How Long Should You Wait Between Caffeine and Bedtime?

Caffeine can be one of the great joys of life. However, if you have difficulty falling asleep, as occurs with insomnia, caffeine in coffee, tea, or soda may be the bane of your existence. Learn how much time should elapse after consuming caffeine and what symptoms you might experience if you don’t wait long enough before going to sleep.

Woman Holding Coffee Cup
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Adenosine's Role

Good sleep occurs when it is properly timed to take advantage of both the body’s circadian rhythm and sleep drive. For most people, this means spending a prolonged period awake during the day (typically lasting about 16 hours) and attempting to sleep at night. In particular, the sleep drive may be affected by caffeine use.

The sleep drive is understood as the desire for sleep. It builds gradually with wakefulness due to the accumulation in the brain of a chemical called adenosine. Adenosine is a byproduct of metabolism and the longer we stay awake, the more it accumulates and the sleepier we gradually become. Caffeine directly blocks adenosine. This in effect reduces sleepiness and may contribute to difficulty falling or staying asleep after it is consumed.

How Long to Wait

The million-dollar question is: How long should you wait between your last coffee or soda and going to bed to sleep? This is likely highly variable and is dependent on your individual levels of adenosine, your ability to clear it, and an underlying tendency towards insomnia. When someone never seems to experience insomnia, caffeine may have little impact on sleep onset.

For most people, caffeine should be avoided for four to six hours before bedtime, as this is how long it takes the body to metabolize half of your (caffeine) consumption. If you are highly sensitive to the stimulant, you might consider cutting it out after noon (or perhaps entirely).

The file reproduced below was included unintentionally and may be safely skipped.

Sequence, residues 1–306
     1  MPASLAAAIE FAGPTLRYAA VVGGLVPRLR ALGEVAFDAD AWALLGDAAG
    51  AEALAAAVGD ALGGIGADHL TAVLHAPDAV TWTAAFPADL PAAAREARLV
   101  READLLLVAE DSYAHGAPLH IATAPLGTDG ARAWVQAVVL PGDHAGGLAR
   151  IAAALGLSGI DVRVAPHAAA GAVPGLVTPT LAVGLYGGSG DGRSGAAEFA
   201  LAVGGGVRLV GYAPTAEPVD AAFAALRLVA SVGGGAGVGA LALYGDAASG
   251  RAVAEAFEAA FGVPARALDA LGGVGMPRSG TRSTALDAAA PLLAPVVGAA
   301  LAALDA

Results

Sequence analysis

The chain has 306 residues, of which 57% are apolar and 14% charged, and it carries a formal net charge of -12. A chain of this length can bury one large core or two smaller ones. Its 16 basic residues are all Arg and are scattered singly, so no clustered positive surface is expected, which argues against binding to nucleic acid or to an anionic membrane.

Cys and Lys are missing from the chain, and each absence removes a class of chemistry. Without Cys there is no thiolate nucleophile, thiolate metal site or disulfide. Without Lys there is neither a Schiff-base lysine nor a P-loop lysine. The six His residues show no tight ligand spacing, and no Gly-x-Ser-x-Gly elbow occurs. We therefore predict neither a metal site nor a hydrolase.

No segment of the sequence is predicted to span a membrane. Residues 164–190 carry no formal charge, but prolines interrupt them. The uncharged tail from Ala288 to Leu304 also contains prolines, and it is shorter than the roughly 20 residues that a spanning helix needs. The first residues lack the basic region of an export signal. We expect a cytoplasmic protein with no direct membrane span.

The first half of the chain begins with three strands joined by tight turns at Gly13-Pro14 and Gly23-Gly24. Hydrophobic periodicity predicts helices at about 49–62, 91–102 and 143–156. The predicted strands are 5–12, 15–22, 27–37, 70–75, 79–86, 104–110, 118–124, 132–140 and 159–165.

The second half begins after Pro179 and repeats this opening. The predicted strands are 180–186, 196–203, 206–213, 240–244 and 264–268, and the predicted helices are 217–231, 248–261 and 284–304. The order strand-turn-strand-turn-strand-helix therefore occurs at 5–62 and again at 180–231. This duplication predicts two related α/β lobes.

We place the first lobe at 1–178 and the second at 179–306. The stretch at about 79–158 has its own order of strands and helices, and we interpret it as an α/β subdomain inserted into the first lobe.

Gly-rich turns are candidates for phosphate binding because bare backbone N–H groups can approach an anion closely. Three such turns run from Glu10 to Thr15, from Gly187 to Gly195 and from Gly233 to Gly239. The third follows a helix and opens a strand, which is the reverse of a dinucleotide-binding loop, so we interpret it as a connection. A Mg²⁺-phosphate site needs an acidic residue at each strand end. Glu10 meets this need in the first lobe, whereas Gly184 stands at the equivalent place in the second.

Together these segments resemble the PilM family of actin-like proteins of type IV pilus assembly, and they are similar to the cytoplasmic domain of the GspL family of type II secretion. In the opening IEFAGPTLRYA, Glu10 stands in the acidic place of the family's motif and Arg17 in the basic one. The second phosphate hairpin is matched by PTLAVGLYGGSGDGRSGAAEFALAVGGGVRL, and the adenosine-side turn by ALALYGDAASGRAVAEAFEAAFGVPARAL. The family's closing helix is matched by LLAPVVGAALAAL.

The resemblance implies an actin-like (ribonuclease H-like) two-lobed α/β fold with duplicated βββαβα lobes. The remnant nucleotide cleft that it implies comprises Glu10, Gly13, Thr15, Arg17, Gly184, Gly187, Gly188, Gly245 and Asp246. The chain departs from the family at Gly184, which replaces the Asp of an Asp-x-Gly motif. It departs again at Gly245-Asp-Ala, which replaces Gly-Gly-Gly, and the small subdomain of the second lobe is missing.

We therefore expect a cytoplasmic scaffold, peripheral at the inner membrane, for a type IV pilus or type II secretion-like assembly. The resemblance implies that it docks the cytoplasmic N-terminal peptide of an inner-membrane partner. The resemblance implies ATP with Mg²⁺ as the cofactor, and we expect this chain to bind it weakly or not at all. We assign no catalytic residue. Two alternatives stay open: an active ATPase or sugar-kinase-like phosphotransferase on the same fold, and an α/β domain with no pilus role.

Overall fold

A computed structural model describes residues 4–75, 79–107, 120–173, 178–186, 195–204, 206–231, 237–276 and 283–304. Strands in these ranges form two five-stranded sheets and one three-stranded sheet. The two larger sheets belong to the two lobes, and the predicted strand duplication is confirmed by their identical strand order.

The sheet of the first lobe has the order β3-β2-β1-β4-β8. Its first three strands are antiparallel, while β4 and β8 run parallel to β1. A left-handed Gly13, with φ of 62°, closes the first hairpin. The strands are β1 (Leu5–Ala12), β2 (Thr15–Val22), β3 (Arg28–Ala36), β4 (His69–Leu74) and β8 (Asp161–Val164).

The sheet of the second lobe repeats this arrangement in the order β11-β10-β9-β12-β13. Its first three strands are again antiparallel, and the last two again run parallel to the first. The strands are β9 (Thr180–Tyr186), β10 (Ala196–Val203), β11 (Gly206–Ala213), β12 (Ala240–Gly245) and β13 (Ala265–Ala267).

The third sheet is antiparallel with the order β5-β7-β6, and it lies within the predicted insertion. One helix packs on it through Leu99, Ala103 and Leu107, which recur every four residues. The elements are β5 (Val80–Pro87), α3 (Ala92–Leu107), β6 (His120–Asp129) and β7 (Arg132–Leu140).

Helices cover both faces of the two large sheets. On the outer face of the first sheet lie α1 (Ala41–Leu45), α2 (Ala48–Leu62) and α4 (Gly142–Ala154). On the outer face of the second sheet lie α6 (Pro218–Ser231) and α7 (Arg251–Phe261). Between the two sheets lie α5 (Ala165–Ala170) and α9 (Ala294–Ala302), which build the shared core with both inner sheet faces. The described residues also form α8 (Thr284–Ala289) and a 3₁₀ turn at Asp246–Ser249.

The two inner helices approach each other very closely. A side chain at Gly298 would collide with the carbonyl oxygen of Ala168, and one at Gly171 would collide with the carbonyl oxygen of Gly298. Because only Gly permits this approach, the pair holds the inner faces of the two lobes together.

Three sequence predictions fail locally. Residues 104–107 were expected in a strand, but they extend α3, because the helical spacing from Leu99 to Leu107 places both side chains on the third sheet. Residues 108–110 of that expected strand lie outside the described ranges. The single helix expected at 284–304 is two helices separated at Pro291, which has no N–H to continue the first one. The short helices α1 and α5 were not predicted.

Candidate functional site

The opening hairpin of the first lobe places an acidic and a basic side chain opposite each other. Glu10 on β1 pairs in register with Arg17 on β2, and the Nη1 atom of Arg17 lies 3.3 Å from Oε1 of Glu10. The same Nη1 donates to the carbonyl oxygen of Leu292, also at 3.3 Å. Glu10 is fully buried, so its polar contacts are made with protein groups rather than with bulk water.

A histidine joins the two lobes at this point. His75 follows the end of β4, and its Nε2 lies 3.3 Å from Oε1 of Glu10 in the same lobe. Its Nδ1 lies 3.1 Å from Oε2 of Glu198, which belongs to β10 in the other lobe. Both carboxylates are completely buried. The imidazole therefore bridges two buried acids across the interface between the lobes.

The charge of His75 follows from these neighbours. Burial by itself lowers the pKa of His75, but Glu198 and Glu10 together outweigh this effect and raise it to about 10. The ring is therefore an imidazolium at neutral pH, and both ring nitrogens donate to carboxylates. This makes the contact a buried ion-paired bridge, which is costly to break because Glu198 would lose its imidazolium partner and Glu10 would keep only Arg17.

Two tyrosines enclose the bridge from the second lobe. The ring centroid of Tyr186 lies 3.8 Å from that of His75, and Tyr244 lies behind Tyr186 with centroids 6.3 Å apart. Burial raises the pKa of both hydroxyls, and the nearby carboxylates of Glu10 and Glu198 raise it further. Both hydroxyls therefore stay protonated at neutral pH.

Since there is some variability in its impacts from person to person, you could start by reducing it late and gradually move the deadline to stop drinking caffeine earlier as needed. Remember that caffeine can be found in coffee, soda, tea, energy drinks, and even chocolate. There are even some medications and over-the-counter supplements that may contain caffeine, so read the ingredient labels carefully.

When Insomnia Persists, Consider Seeing a Sleep Doctor

Caffeine may affect your sleep, but this may not be the only contributing factor. If you continue to struggle with insomnia, speak with a sleep specialist about other ways to improve your sleep, including participating in a cognitive behavioral therapy for insomnia (CBTI) program. Though caffeine may make it hard to fall asleep at the beginning of the night, other conditions may cause you to frequently wake before morning.

4 Sources
Verywell Health uses only high-quality sources, including peer-reviewed studies, to support the facts within our articles. Read our editorial process to learn more about how we fact-check and keep our content accurate, reliable, and trustworthy.
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  2. U.S. Food & Drug Administration. Spilling the beans: How much caffeine is too much?

  3. Drake C, Roehrs T, Shambroom J, Roth T. Caffeine effects on sleep taken 0, 3, or 6 hours before going to bedJ Clin Sleep Med. 2013;09(11):1195-200. doi:10.5664/jcsm.3170

  4. Harvard Health Publishing. Top 4 reasons why you're not sleeping through the night.

Additional Reading

By Brandon Peters, MD
Brandon Peters, MD, is a board-certified neurologist and sleep medicine specialist.